Part 1 – Freaks & Alien
To begin with a general point about Freaks and Aliens: one commonality that presents itself immediately is the fact that they are both about the unfamiliar. Freaks is about a group of people who are sufficiently different (or different-looking) to ‘normal’ people that they have been outcast into the circus, always on show, traveling at the margins of human habitation (emblematic, as Foucault says of the figure of the madman, of an inside-outside structure: always both on display and hidden away, or always both left out (of ‘normal’ life) and kept in (given spaces where they are ‘acceptable’)). Alien, even more radically, is about a life-form from some distant galaxy, previously unknown to humankind. The treatment of difference in these two films is quite different, but with regard to the medium and the technology itself, I think there are some similarities, which I will come to in a moment.
To make a segway into the technology used to engineer fear, one thing that’s significant to consider is how the camera in both Freaks and Aliens considers (and mediates) the line of sight of its audience. Alien, famously, is a film that relies on the horror of not seeing things – or specifically, not seeing the object of horror, which is the alien itself. Outwardly, it might seem as though Freaks operates on the opposite principle: that of showing, up close, the unfamiliar figures the audience is not used to seeing. However, I think this intuition would be misplaced: it is not the circus performers who are the objects of horror in the film, and hardly any of the scares the film produces is achieved through showing them up close. Instead, it would be useful to examine a section that does, in an obviously deliberate way, aim to create nervous anticipation: the opening scene, where the ringmaster’s proclamations about the horrifying nature of his ‘exhibit’ is complemented very conspicuously by the lack of its visual presence. So in both Freaks and in Alien, it seems that a sense of fright is generated by keeping the supposed object of horror out of sight.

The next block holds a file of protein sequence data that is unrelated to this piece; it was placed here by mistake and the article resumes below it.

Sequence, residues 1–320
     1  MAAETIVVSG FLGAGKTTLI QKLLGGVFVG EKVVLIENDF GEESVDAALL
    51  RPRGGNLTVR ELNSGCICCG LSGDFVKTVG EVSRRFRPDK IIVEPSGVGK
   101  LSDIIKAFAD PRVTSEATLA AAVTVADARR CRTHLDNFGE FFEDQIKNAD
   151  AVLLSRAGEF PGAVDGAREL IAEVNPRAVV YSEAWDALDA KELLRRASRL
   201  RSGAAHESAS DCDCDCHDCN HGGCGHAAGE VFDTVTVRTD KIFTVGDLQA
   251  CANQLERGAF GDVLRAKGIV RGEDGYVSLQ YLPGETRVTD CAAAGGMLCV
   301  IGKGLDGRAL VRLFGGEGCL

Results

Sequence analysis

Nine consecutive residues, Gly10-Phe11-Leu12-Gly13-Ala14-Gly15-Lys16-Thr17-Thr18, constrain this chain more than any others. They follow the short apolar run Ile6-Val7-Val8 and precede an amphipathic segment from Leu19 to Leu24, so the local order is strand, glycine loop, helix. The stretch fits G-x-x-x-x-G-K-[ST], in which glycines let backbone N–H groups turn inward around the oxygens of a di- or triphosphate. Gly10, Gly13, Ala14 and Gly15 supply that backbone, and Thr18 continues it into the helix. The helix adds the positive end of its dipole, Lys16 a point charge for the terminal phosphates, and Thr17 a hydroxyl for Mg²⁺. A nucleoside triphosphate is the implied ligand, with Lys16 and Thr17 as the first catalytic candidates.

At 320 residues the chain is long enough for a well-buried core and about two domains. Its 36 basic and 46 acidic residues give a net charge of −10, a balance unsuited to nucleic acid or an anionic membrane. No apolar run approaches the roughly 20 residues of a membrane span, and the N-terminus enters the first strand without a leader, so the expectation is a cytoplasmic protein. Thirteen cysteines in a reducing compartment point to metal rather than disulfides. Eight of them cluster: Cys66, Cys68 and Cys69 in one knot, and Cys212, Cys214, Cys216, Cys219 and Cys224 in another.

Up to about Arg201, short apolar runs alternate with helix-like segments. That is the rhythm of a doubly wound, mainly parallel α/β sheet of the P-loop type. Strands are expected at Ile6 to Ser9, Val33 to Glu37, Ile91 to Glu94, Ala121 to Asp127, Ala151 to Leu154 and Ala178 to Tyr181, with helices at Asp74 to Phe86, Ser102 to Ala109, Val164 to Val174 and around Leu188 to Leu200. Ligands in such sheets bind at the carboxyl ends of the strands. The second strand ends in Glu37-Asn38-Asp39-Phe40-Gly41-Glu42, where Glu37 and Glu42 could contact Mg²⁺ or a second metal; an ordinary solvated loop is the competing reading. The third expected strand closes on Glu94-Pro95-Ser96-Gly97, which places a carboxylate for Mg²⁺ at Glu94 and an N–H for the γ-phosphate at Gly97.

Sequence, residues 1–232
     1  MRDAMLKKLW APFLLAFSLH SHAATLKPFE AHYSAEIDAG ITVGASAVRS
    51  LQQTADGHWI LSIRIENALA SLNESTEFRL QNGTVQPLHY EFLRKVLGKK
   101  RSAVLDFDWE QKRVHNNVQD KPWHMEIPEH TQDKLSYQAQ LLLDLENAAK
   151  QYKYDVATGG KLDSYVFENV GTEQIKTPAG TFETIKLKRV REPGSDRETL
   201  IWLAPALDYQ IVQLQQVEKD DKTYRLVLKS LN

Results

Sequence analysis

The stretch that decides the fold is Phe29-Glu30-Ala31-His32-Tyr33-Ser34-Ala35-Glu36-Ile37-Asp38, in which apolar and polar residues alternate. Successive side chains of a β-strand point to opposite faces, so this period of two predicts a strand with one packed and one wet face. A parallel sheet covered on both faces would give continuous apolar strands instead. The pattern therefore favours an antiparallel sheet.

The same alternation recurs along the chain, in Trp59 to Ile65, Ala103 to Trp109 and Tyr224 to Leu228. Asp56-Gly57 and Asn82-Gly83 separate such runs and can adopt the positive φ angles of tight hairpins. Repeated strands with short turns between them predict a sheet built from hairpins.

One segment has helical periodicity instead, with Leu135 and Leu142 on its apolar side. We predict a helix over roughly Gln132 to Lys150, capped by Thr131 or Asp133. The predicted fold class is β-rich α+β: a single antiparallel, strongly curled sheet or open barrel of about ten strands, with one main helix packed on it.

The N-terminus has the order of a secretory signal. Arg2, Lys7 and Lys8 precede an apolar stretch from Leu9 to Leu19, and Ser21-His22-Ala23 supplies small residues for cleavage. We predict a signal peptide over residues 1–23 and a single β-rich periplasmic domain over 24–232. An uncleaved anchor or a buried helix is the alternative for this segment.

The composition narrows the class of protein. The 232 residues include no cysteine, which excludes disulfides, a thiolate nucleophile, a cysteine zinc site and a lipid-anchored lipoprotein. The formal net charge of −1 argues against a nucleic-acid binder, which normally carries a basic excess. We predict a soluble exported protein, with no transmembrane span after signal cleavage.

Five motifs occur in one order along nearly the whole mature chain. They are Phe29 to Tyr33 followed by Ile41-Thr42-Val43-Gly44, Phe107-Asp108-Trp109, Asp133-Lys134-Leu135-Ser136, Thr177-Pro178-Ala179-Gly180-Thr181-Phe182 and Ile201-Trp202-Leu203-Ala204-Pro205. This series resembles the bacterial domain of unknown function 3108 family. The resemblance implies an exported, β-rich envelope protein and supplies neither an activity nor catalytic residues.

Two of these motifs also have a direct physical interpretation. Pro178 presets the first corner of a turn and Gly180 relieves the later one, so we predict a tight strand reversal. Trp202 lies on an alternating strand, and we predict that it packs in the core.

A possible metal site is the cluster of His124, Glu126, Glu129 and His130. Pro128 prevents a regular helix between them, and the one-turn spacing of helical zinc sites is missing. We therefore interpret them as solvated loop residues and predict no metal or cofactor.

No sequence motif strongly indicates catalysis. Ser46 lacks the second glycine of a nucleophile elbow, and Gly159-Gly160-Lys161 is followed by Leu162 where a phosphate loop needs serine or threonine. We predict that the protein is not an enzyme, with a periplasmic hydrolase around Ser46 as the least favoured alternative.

The role technology plays in this is obvious: it is the use of the camera that gives the filmmaker authority over what an audience can and cannot see. This is interesting, because as a visual medium, film is thought to be premised on what is seen (or shown), but it seems that at least in these two films, a lot of the affective power is contained in the filmic subtext – in what remains unshown. If we are to think of terror as the anticipation of fright, it seems clear that the unshown is space within which terror resides; whether horror resides in the space of the shown is less clear.
One thing that seems important in this set of considerations is to think about what the framing of these objects of fright in film does. One clear way that a lot of horror works is film is by showing an unfamiliar object of horror: a ghost, or a monster, who jumps out at the audience. One might be inclined to think that in a certain way, the unfamiliar is being brought closer – that is, the distance between the unfamiliar (which one does not normally see) and the familiar (which one sees) is being closed by showing the unfamiliar, and that it is this tension which results in fright. But then how to account for the fright caused by the non-seeing in Freaks and Alien? This must be a different kind of spatiality. One suggestion with regard to Freaks is that the real object of horror is not the ‘deformed’ circus performers, but the ‘normal’ ones who are trying to kill them. Perhaps more convincingly, one could also postulate that the horror comes when the ‘freaks’, who have been thoroughly ‘humanized’ by the end of the film, set out on a mission to kill and maim their enemies – a sense in which something that has become familiar is defamiliarized. I am sympathetic to this second interpretation, partly because it is also cohesive for a reading of Alien: where biology – which is supposed to be ‘familiar’, intimate, and what which constitutes the audience members themselves – is turned into a site of danger, and is violated and mechanized beyond recognition.